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Abuse Cases in O.C. Jolted

The Supreme Court's rejection of a California sex-offender law could free several convicted molesters and halt other prosecutions.

June 28, 2003|Stuart Pfeifer and Kimi Yoshino | Times Staff Writers

A U.S. Supreme Court decision that reinstated deadlines to prosecute some child molestation cases may force the release from prison of several Orange County convicted molesters and could stop seven other cases from going to trial.

The court struck down part of a California law that allowed prosecutions of sex offenders even after the statute of limitations expired.

Since 1999, with the blessing of the state Supreme Court, prosecutors throughout California have used the law to go after hundreds of suspected molesters whose crimes often occurred decades ago -- crimes the offenders once thought had been cleared by the passage of time.

Now many of those convictions stand to be overturned and the perpetrators freed from prisons and jails. Several pending cases could also be dismissed, regardless of the strength of the evidence -- even remorseful confessions caught on tape.

"The impact is going to be huge," said Orange County Deputy Dist. Atty. Randy Payne, who filed one case that involved an 87-year-old former Fullerton church elder that's now likely to be dismissed.

"Not only is it just the cases they have filed, but there are numerous cases that are in the investigative state that suddenly we can't do anything on," Payne said.

Assistant Dist. Atty. Rosanne Froeberg, who supervises the office's sexual assault unit, said she has not determined how many convictions in Orange County will be affected, but "I don't think it will be a huge number.... We have maybe less than two dozen."

One case likely to be affected is that of Angel Amado Perez, 57, convicted in 2000 of molesting two Santa Ana sisters 20 years earlier. He is serving a nine-year sentence at the California Correctional Institution in Tehachapi, but could be released soon because of the ruling, his attorney said Friday.

Also affected is former Huntington Beach schoolteacher Carl Robert Bucy, 58, who pleaded guilty in April to three felony charges involving the molestation of a 12-year-old student in 1973. He was sentenced to three years' probation and ordered to register as a sex offender.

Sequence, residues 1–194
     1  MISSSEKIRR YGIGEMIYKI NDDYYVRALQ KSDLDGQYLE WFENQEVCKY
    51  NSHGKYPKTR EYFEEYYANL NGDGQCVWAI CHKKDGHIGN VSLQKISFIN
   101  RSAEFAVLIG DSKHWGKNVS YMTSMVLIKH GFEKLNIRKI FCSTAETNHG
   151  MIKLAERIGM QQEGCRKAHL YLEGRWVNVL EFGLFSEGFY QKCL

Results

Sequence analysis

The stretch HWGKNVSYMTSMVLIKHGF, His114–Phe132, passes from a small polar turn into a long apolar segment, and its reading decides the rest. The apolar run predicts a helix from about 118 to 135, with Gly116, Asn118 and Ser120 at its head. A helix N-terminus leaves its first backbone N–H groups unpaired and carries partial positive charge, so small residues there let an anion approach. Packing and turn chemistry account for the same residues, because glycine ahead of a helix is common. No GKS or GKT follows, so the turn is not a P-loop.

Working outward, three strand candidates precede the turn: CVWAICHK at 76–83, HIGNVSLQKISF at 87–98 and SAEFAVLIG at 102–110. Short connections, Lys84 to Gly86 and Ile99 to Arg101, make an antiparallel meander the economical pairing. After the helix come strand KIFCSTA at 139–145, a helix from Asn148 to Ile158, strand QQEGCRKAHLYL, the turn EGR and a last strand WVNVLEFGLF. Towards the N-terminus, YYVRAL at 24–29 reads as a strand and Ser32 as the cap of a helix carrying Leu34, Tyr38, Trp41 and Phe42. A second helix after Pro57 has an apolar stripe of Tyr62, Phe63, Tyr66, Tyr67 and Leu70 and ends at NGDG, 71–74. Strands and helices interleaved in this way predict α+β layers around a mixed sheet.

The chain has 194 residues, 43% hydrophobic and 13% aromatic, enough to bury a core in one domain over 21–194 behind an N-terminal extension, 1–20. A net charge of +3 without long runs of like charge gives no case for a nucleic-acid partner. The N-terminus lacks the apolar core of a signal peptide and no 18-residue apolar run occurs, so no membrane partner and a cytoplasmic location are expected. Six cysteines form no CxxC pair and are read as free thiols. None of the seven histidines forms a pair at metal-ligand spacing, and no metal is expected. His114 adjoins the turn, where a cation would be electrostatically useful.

"He will no longer be a sex offender, and he will no longer be on probation, and those things are very important to him," said Bucy's attorney, Jennifer Keller. "But he's lost a great deal. He lost his good name. He's lost his profession. He lost a good deal of his retirement.

"That's the problem with this statute. You're trying to reach back into ... time. You're taking people who are now 80 and prosecuting them for things that happened when they were 30 or 40. It's just extraordinarily difficult to have any type of fair prosecution at that point."

Among the pending cases likely to be affected are three involving former Catholic priests, one against a former Orange County judge and one involving a former Fullerton church elder.

The three former priests are Gerald John Plesetz, accused of molesting a teenage girl in the 1970s; John Peter Lenihan, accused of impregnating a teen 25 years ago; and Denis Lyons, charged with molesting a teenage boy more than 20 years ago.

Former Orange County Superior Court Judge Ronald C. Kline was arrested in January 2002 and charged with molesting a boy nearly 25 years earlier. Because the statute of limitations expired long before the new law passed, it's likely his case will be dismissed. He still faces federal charges of possession of child pornography.

"I'm disappointed but I can't take it personally," said Irvine Police Detective Ron Carr, who investigated that case. He said he has not yet informed Kline's alleged victim about the case's fate.

"It's one of those things we've been avoiding," he said.

"I'm just going to tell him it's out of our hands. We did the best we could. I know it was very difficult for him. And he suffered for a long time."

Dist. Atty. Tony Rackauckas issued a statement that described the Supreme Court's ruling as "bad news for some people who were victimized in the past by sexual predators."

"The Supreme Court has erased the hopes of these victims," the statement said.

"This decision will allow some sexual predators to breathe easy."

Attorneys in the Orange County public defender's office are studying their former cases to see whether any of their clients' cases should be overturned because of the ruling, said Assistant Public Defender Kevin Phillips.

He applauded the decision, saying it was improper for the state to set a deadline to prosecute these cases and then go back years later and erase the deadline.

"This is exactly what we've been arguing since it was enacted," Phillips said. "When the statute of limitations has run out, you can't go back and say, 'We're going to prosecute you anyway.'

"Nobody is in favor of people molesting children and getting away with it. But there comes a time where you have to say, 'You know what, so much time has passed and we never prosecuted you. It's just unfair to do it now.' "



Pending cases

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